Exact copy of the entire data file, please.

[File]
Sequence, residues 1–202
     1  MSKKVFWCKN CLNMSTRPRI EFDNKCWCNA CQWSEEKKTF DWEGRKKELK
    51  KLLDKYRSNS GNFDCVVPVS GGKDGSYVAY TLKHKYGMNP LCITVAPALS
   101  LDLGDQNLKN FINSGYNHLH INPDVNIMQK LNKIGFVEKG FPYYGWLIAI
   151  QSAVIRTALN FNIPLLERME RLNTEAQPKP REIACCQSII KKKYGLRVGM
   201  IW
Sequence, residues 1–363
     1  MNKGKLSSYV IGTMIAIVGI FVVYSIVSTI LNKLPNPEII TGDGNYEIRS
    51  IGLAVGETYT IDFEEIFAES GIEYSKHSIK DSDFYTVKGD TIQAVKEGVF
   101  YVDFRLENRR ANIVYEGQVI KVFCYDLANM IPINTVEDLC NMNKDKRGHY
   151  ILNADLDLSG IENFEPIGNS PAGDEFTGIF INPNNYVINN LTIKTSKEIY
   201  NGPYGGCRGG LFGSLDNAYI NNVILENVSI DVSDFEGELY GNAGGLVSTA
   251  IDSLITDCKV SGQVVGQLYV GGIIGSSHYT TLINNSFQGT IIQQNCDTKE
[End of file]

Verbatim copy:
Sequence, residues 1–202
     1  MSKKVFWCKN CLNMSTRPRI EFDNKCWCNA CQWSEEKKTF DWEGRKKELK
    51  KLLDKYRSNS GNFDCVVPVS GGKDGSYVAY TLKHKYGMNP LCITVAPALS
   101  LDLGDQNLKN FINSGYNHLH INPDVNIMQK LNKIGFVEKG FPYYGWLIAI
   151  QSAVIRTALN FNIPLLERME RLNTEAQPKP REIACCQSII KKKYGLRVGM
   201  IW
Sequence, residues 1–363
     1  MNKGKLSSYV IGTMIAIVGI FVVYSIVSTI LNKLPNPEII TGDGNYEIRS
    51  IGLAVGETYT IDFEEIFAES GIEYSKHSIK DSDFYTVKGD TIQAVKEGVF
   101  YVDFRLENRR ANIVYEGQVI KVFCYDLANM IPINTVEDLC NMNKDKRGHY
   151  ILNADLDLSG IENFEPIGNS PAGDEFTGIF INPNNYVINN LTIKTSKEIY
   201  NGPYGGCRGG LFGSLDNAYI NNVILENVSI DVSDFEGELY GNAGGLVSTA
   251  IDSLITDCKV SGQVVGQLYV GGIIGSSHYT TLINNSFQGT IIQQNCDTKE